I had dinner with the folks last night and got to chatting with my little sister who enlightened me with stories from her high school history class. Their current syllabus centres on Australia and more specifically the events around the Black War in Tasmania. While the stories of colonial depravity against the Tasman Aborigines were sobering, I was outraged to discover that the whole affair has never been acknowledged as an act of genocide by our government.
Van Diemen’s Land, known for being densely forested, offered little in the way of habitable grasslands. When colonials began to settle in Tasmania en masse, they forcibly removed native communities from these fertile grounds, ultimately resulting in direct conflict. The alleged war, which lasted for close to a decade from the 1820s, effectively eradicated a people that had made the island their home for thousands of years.
As the Aboriginal communities began to fight back George Arthur, the Lieutenant-Governor, declared martial law. Such a mandate ensured legal immunity for the oncoming genocide that crescendoed in a six-week offensive known as the Black Line, in which colonial civilians and soldiers, stretching hundreds of kilometres, drove the remaining natives all the way to the Peninsula.
The physical and psychological effect of this offensive forced the survivors to surrender and accept relocation to Flinders Island. Less than fifty years later, Truganini, the last of the Tasman Aborigines would be dead, her remains put on display against her own wishes.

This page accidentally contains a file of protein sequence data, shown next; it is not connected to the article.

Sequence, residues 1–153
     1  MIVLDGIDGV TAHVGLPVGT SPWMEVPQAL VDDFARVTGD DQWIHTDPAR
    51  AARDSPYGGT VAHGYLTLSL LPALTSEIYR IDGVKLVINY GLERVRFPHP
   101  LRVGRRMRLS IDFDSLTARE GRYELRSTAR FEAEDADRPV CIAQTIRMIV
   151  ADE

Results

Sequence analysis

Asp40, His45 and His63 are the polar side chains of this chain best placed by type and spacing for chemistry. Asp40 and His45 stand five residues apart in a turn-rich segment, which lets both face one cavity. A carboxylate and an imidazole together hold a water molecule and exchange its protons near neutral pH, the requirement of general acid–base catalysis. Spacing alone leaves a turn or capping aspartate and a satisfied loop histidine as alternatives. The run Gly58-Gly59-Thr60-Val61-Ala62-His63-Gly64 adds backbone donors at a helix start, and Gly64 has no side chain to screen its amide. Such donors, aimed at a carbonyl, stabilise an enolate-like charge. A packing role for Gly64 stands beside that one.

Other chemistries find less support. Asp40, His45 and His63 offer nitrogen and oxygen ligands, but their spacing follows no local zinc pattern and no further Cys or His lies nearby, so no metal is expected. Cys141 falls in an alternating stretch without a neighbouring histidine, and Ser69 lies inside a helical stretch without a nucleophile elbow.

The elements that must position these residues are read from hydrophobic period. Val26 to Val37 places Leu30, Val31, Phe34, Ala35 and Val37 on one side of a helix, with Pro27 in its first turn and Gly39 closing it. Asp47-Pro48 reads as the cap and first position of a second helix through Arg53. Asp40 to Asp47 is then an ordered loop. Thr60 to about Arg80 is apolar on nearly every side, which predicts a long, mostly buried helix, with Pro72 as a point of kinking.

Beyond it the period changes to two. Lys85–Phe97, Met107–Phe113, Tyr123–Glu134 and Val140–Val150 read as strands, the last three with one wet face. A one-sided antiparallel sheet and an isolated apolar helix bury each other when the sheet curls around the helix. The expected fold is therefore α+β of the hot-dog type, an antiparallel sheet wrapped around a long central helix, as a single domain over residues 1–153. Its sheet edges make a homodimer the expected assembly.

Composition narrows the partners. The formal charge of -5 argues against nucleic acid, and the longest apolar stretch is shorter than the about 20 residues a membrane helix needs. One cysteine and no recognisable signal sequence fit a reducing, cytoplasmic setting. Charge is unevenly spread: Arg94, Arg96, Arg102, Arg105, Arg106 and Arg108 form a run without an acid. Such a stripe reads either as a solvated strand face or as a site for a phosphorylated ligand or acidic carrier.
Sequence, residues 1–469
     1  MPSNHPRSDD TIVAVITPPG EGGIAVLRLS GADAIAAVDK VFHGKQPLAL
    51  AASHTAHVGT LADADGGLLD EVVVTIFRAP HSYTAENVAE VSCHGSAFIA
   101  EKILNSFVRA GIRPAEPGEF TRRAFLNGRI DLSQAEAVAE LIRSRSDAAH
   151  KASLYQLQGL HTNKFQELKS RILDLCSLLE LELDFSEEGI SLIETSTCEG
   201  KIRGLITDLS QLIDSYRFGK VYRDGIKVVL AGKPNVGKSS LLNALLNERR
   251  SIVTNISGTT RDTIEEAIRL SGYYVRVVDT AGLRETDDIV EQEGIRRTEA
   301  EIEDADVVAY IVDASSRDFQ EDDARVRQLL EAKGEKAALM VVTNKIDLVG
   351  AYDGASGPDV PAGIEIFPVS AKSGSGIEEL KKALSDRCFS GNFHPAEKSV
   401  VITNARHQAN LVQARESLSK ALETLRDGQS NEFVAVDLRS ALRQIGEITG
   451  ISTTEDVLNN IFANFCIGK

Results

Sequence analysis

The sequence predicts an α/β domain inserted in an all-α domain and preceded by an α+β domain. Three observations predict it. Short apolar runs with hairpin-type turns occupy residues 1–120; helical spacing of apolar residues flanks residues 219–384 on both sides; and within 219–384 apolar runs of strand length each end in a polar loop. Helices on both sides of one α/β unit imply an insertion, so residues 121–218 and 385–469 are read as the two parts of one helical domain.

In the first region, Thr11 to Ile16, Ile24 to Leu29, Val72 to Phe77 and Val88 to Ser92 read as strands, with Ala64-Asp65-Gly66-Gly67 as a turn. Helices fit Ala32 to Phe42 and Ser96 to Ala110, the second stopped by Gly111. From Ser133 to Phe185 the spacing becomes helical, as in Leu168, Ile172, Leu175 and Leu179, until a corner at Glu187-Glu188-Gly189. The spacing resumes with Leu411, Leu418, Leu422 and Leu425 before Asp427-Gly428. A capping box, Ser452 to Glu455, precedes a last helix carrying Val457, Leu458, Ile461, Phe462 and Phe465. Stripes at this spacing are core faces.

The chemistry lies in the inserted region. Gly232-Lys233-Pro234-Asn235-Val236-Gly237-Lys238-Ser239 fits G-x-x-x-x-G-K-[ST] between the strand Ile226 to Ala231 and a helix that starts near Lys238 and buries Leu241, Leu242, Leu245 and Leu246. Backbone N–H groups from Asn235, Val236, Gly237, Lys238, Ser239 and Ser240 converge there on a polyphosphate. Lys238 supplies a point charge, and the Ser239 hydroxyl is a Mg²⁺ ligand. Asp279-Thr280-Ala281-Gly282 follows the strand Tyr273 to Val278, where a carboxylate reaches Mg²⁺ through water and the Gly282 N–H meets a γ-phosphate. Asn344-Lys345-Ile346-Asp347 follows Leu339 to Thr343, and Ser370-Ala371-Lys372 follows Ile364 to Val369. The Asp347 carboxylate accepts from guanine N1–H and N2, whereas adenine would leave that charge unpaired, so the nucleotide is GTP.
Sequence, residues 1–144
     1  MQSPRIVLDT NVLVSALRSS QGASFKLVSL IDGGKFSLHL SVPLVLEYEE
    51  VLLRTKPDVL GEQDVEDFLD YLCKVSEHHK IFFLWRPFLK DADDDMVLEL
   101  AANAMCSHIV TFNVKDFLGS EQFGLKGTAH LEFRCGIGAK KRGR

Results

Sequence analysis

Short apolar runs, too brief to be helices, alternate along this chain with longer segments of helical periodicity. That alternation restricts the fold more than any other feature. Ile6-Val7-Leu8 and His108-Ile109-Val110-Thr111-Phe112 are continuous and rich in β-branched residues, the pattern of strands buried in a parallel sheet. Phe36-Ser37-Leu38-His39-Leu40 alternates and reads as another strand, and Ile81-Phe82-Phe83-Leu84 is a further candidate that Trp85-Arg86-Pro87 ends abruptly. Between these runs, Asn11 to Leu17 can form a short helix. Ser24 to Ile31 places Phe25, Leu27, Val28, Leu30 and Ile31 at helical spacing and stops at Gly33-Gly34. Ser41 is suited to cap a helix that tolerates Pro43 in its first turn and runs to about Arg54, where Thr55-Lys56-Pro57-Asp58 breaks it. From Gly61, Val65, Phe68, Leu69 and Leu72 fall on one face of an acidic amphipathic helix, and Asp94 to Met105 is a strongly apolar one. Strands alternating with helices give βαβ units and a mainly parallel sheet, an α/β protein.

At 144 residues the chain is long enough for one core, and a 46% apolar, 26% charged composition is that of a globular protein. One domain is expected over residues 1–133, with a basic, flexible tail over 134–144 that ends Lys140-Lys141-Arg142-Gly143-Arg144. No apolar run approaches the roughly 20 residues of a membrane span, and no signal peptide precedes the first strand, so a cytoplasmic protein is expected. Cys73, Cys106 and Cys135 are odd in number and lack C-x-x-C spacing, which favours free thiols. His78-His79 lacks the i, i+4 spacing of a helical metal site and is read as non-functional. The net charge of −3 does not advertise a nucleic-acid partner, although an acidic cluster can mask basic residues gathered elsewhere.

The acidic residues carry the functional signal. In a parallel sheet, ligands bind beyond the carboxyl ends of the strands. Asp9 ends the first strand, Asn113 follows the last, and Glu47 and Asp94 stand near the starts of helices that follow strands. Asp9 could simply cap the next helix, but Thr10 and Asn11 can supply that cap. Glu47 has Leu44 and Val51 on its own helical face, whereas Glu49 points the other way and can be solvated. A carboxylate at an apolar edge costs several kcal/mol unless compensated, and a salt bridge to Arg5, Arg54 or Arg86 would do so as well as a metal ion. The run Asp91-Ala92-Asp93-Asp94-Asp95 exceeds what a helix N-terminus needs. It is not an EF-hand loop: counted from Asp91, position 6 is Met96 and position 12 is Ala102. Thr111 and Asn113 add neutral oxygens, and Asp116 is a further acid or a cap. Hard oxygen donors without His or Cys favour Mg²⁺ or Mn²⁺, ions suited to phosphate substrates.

It got me to thinking about Paper Tiger, an article I read by Brooke Jarvis last weekend. The piece is a fascinating expose on the conspiratorial hunt for the Tasmanian Tiger, a creature that has been extinct for almost a century. What was fascinating were the character studies, of the human psyche not wanting to accept accountability for our ability to bring about extinction in the first place.
As Jarvis notes: "On a planet reeling from the alarming consequences of human activity, it’s comforting to think that our mistakes may not be final, that nature is not wholly stripped of its capacity for surprise.”
The fact of the matter is that the Tasman Aborigines were treated no different to the Tasmanian Tiger. They were a menace, an inferior species that had no right to share in and enjoy the fruits of their homeland. The conflict was akin to an adult provoking a child to a fistfight, goading the frightened youngster into throwing the first punch before delivering a fatal beating.
After examining the various voices of authority online, I was appalled at the pervading denial that runs through the debate. These compulsive naysayers don’t want to accept the brutal reality that actions have consequences, to admit their ancestors might have blood on their hands. One thing is clear. Ethnic cleansing doesn’t just transpire. It takes the blind will of a collective; a compulsion to silence any shades of moral doubt and confront the task with a level-headed practicality, putting your head down until everything is in its right place.